Military spending

Military spending

Photo by Diego González on Unsplash

Imagine a bizarre military coalition between China, India, Russia, United Kingdom, Saudi Arabia, Germany, France, Japan, South Korea, Italy and Australia. 

Between them, these countries spent $762 billion on their military during the lockdown year of 2020. This is 38% of the global military spending that was nearly $2 trillion in 2020, a 2.6% increase in real terms on 2019 according to the Stockholm International Peace Research Institute (SIPRI). 

Such an unlikely alliance would be a formidable adversary. There is not much firepower left in the world to go up against such a combined military force.

However, there is one potential adversary capable of taking on such an alliance, at least in terms of military spending. 

At $778 billion, the United States accounted for 39% of total global military expenditure in 2020.

Break down this colossal expenditure by country and the US outspends its nearest rival, China, by three times and spends an order of magnitude more (10.6x) than the next nearest rival, India.

It is hard to see China as the aggressor when these numbers are in the frame. Especially when the disparity between the US and the rest has been going on for decades.

Naturally, the west is grateful for access to such muscle. 

There is little doubt military might has been a deterrent, especially when combined into collective defence. For example, NATO, the North Atlantic Treaty Organisation, is an intergovernmental military alliance between 30 European and North American countries to implement the North Atlantic Treaty that was signed on 4 April 1949. But the collective defence NATO countries enjoy is thanks to the US paying for most of the expense.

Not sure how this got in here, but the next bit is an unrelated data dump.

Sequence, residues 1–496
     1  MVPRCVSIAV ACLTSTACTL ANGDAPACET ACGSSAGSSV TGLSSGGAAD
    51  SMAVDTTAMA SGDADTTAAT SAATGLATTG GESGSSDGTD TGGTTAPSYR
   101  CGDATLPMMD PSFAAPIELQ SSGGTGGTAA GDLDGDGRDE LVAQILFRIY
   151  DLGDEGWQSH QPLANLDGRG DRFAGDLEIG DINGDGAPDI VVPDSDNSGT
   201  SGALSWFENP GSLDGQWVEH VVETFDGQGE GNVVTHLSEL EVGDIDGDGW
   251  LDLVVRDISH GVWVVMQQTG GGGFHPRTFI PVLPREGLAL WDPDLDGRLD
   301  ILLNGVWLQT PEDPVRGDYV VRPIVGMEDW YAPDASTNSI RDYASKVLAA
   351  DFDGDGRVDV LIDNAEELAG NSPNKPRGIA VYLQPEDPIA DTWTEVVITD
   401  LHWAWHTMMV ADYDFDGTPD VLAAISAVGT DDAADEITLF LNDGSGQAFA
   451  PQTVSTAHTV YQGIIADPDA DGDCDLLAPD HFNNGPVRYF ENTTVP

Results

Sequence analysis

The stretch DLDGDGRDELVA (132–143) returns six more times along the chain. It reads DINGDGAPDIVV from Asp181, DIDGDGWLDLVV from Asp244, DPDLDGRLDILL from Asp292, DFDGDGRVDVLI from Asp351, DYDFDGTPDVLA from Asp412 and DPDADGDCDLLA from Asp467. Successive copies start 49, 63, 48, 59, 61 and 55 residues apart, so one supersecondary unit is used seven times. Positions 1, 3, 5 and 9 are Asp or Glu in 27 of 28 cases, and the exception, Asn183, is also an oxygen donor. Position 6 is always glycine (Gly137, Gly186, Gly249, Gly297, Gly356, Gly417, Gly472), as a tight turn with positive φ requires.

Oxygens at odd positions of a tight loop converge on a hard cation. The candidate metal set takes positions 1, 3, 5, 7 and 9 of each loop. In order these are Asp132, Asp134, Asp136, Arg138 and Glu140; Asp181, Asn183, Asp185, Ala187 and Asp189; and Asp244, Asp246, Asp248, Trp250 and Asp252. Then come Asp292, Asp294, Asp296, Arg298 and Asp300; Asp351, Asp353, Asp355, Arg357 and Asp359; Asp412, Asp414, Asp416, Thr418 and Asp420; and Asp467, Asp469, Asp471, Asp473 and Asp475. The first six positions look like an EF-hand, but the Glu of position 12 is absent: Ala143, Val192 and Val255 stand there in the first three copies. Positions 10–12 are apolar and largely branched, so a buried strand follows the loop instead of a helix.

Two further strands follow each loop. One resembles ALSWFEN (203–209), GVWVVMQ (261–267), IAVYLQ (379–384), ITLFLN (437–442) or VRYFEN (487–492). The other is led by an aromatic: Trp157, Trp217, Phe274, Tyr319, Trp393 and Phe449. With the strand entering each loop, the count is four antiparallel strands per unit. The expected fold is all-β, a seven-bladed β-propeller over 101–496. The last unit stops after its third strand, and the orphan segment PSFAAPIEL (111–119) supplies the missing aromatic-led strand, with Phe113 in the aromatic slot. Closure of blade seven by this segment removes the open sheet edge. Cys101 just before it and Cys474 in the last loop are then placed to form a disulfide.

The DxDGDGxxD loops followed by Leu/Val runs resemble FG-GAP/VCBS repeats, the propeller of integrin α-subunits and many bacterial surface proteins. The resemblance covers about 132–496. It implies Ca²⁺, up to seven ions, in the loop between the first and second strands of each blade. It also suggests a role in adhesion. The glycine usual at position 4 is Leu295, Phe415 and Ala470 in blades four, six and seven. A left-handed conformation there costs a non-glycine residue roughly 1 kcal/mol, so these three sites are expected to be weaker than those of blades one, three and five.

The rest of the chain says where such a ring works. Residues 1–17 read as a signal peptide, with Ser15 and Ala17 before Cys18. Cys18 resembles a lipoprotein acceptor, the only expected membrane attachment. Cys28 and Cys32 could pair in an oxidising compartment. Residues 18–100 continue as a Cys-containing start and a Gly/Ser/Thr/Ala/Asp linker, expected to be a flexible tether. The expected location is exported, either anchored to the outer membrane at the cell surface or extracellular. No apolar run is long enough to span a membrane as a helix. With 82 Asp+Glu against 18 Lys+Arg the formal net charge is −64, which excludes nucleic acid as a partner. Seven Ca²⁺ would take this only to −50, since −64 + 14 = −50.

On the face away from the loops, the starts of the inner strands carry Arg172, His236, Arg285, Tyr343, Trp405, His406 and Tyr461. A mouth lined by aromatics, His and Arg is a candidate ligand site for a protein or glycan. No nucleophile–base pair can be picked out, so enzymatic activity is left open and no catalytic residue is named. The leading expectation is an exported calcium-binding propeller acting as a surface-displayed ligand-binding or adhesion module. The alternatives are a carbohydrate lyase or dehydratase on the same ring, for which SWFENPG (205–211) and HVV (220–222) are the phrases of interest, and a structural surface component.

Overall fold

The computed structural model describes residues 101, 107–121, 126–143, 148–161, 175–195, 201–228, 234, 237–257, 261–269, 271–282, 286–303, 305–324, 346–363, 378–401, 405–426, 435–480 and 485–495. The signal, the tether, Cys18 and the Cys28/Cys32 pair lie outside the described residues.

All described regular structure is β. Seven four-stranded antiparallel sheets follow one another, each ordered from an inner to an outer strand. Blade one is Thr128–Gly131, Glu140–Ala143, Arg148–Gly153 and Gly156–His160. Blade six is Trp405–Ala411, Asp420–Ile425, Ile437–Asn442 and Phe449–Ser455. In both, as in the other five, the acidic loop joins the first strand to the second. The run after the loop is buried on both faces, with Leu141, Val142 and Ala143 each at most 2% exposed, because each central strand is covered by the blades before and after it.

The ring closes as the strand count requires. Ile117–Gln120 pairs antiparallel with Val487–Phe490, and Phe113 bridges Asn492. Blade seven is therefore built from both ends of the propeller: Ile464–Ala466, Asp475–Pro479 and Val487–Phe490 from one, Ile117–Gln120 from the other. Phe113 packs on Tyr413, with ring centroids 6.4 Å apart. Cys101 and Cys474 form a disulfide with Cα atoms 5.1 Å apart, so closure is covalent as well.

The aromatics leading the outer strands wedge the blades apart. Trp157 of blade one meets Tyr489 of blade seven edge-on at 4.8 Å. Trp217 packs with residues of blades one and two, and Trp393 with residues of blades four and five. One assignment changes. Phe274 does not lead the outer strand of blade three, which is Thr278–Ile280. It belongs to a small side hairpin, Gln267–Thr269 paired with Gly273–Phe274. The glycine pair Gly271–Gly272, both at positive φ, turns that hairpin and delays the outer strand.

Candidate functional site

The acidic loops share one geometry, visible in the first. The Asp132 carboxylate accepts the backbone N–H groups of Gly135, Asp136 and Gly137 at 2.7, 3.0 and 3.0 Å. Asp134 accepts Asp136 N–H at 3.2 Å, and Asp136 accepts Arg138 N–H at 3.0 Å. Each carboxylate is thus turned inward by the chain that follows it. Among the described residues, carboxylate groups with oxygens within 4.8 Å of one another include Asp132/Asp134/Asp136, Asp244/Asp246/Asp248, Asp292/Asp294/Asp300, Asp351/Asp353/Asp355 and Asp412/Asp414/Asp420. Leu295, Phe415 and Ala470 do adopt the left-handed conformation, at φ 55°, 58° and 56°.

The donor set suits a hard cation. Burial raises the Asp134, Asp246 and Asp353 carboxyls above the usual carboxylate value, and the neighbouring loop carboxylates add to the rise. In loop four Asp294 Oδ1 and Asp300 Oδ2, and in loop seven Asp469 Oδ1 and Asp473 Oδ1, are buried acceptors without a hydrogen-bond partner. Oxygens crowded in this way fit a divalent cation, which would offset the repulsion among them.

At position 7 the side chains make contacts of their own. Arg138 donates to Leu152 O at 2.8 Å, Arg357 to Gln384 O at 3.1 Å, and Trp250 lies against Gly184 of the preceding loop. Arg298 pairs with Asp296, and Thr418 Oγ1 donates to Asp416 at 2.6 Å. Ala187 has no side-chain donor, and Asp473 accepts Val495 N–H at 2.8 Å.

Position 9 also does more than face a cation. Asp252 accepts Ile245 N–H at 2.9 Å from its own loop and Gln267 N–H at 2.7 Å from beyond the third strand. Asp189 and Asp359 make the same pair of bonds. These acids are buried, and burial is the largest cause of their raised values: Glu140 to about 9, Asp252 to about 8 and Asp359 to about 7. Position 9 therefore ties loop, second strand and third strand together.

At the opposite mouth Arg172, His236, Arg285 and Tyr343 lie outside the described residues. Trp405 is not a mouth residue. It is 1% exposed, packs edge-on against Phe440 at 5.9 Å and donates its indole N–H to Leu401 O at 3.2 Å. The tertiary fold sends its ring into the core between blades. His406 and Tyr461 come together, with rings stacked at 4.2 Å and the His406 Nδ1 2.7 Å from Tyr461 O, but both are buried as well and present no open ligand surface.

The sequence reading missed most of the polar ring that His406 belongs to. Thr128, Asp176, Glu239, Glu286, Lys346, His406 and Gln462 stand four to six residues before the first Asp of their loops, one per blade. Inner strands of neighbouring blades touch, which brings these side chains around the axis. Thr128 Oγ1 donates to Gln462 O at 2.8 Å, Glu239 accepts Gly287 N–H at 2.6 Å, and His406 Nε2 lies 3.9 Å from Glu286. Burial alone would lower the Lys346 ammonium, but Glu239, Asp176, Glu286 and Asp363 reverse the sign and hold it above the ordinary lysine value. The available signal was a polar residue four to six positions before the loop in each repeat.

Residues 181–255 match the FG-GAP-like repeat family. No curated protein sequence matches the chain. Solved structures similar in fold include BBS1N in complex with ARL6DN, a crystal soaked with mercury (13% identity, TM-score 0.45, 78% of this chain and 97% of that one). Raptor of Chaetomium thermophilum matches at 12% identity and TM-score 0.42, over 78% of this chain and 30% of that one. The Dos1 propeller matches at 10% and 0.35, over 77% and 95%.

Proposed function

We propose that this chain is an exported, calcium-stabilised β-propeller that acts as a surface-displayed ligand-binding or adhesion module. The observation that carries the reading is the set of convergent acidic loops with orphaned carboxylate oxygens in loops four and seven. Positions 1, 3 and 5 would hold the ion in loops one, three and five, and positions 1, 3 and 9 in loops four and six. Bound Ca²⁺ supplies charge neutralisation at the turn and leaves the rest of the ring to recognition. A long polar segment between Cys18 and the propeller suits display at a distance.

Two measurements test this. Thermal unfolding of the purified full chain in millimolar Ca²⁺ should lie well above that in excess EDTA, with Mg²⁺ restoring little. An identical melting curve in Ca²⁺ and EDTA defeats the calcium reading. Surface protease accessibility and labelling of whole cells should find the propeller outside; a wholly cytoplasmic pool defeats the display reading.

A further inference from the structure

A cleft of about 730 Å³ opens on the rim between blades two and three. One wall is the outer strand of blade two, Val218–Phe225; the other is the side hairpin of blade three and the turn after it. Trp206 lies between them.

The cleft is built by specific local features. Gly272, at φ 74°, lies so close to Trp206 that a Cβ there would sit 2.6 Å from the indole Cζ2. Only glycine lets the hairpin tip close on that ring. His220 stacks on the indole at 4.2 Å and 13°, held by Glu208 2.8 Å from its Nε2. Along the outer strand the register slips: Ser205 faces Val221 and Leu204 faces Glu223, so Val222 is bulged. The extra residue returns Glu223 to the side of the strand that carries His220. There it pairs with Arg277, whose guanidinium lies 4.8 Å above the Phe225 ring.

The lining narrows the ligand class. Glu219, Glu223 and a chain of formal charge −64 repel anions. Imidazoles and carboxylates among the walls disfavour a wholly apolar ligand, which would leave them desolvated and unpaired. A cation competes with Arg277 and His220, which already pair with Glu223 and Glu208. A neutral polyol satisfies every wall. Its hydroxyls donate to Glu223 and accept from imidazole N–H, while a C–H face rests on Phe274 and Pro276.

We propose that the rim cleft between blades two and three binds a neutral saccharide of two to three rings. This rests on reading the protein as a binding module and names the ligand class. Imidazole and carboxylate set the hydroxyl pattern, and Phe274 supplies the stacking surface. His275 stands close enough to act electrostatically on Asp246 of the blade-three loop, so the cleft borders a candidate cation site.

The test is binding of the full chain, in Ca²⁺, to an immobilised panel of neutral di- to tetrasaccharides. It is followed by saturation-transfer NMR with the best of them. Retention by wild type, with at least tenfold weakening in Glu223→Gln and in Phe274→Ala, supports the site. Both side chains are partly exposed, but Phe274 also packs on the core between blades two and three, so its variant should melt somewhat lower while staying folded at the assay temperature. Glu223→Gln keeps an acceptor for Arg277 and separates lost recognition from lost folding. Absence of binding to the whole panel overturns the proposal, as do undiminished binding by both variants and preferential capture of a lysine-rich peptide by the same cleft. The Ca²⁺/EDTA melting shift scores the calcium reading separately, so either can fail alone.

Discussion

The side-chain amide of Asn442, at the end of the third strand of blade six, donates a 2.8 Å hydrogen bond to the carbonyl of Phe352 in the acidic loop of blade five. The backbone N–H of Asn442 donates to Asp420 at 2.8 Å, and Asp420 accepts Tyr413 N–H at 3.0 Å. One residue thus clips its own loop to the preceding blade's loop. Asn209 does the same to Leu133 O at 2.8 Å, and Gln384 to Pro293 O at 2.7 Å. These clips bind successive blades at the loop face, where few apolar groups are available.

Such generosity is remarkable. If only it was altruism. 

Better use of military spending

Clearly it is hard to put aside advocacy by the military men who are passionate about the need for big boy’s toys deterrent, the wealth creation from such a large military machine, and the influence such apparent generosity buys the US in foreign affairs.

There is no altruism, just some history in being the big cheese combined with social and political advantage from staying ‘strong’.

All this is not confined to the United States. 

Australia has a fraction of the population of the US and a puny US1.4 trillion GDP that cannot even touch California (US3 trillion in 2020). Yet the government can spend US$37 billion on French submarines at a cost of US$1,500 for every person in the country.

Everyone is in on it.

Maybe there are better ways of mobilising the fraction of GDP that becomes government spending.

How about a Universal Basic Income?

Recent research shows that an annual payment to all Australians of A$18,500 a year (US$13,500) would cost the taxpayer roughly A$126 billion a year or A$20 billion that the current cost of unemployment benefit and three times the current defence budget.

It would need an unpalatable jump in the overall tax rate from 28% to 34% to pay for it. 

But the A$20 billion more than the current payments to the unemployed is just half the military budget. 

Maybe it is more about priorities than absolutes.

But as this ramble began with the extreme US military budget, this is the point. Does the world need to spend so much on deterrents and does one country need to overwhelm the rest?


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